The technocratic rulers, constantly play on mass insecurity and fear of a “catastrophic collapse” if their ‘bitter medicine’ is not swallowed by the anguished middle classes who fear the prospect of sinking into the working class or worse.

The technocrats call on the present generation to sacrifice, to commit virtual suicide, to save future generations. With gravity and humble posturing they speak of “equal sacrifices”, a message belied by the firing of tens of thousands of employees and the selling of billions of euros/dollars of the national patrimony to foreign bankers and investors. Lowering public expenditures to pay bondholders and entice private investors erodes any appeal for “national unity” and “equal sacrifice” ..The technocratic regime strives to act decisively and quickly to impose its brutal regressive agenda, the rollback of sixty years of history before the masses have time rise up and bring them down.

To preclude political opposition the technocrats demand “national unity”, (the unity of bankers and oligarchs), thebacking of the decadent electoral parties and their leaders and their total submission to the colonial bankers’ demands.

The technocrats’ political trajectory will be short lived given the draconian systemic changes and repressive structures they propose, the best they can accomplish is to dictate and implement policies and then return to their lucrative sanctuaries in the overseas banks.

Technocratic Rule: Stage One

With the unanimous backing of the mass media and the full backing of the powerful bankers, the technocrats take advantage of the downfall of the despised and discredited politicians of the past electoral regimes. They project a clean government image which speaks to a regime which is efficient and competent, capable ofdecisive action. They promise to put an end to deteriorating living conditions and partisan political paralyses. At the onset of their rule the technocratic dictators exploit the justified popular disgust with privileged “do-nothing” politicians to secure a measure of popular consent or at least passive acquiescence from the majority of the citizens drowning in debt and in search of a “savior”.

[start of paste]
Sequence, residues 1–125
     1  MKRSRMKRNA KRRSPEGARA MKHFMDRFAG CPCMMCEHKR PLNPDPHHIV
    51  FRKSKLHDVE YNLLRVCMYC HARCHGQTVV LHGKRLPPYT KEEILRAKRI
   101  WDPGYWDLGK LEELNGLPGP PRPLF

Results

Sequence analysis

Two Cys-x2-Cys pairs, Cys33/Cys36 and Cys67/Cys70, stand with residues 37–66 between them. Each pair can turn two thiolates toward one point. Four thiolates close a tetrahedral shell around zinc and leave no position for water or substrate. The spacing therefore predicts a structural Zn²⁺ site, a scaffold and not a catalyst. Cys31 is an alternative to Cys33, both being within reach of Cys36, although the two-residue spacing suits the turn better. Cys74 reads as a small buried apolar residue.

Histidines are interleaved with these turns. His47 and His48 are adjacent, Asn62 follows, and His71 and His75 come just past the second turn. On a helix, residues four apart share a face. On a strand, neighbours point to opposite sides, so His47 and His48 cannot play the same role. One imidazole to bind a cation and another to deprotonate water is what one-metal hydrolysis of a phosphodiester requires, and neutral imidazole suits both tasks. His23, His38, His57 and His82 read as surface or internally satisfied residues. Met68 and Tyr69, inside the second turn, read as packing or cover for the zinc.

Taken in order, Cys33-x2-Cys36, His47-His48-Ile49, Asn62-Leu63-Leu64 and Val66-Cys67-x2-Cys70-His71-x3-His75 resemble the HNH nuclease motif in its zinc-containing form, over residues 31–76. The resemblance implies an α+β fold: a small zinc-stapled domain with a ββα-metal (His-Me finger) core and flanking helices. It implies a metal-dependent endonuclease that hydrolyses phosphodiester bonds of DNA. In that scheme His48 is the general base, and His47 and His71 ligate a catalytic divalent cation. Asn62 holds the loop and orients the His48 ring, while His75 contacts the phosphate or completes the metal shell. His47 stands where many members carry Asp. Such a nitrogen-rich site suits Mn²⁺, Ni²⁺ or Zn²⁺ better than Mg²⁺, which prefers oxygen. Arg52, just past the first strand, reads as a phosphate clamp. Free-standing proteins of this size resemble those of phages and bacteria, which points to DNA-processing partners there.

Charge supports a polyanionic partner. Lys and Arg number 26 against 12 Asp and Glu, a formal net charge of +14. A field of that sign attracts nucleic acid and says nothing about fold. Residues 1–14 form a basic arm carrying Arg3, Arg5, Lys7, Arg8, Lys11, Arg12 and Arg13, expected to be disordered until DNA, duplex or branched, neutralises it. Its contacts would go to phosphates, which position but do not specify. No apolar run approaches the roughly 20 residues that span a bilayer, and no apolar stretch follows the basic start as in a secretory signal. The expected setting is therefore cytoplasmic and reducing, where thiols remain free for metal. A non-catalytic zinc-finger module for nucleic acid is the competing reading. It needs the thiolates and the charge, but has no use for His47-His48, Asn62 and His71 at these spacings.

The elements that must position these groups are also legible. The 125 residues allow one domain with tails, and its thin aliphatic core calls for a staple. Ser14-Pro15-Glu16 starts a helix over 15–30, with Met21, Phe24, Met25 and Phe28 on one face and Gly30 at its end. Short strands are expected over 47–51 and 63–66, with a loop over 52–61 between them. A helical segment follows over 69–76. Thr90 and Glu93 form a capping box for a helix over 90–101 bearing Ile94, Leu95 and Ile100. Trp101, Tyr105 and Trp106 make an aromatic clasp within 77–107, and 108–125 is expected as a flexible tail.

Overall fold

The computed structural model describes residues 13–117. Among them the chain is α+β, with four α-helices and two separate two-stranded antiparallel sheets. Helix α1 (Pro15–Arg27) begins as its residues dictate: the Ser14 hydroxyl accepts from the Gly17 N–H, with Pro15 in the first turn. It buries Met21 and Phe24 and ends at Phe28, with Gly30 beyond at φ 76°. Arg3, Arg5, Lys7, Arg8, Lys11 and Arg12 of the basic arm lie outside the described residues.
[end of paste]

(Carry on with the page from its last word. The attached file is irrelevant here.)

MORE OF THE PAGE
It should be noted that among the most politically aware and social conscious minority, the bankers resort to a colonized “technocratic regime” cuts no ice: they immediately identify the technocratic regime as illegitimatederiving powers from foreign bankers. They affirm the rights of citizens and national sovereignty. From the beginning, even under the cloak of emergency powers, the technocrats face a core of mass opposition.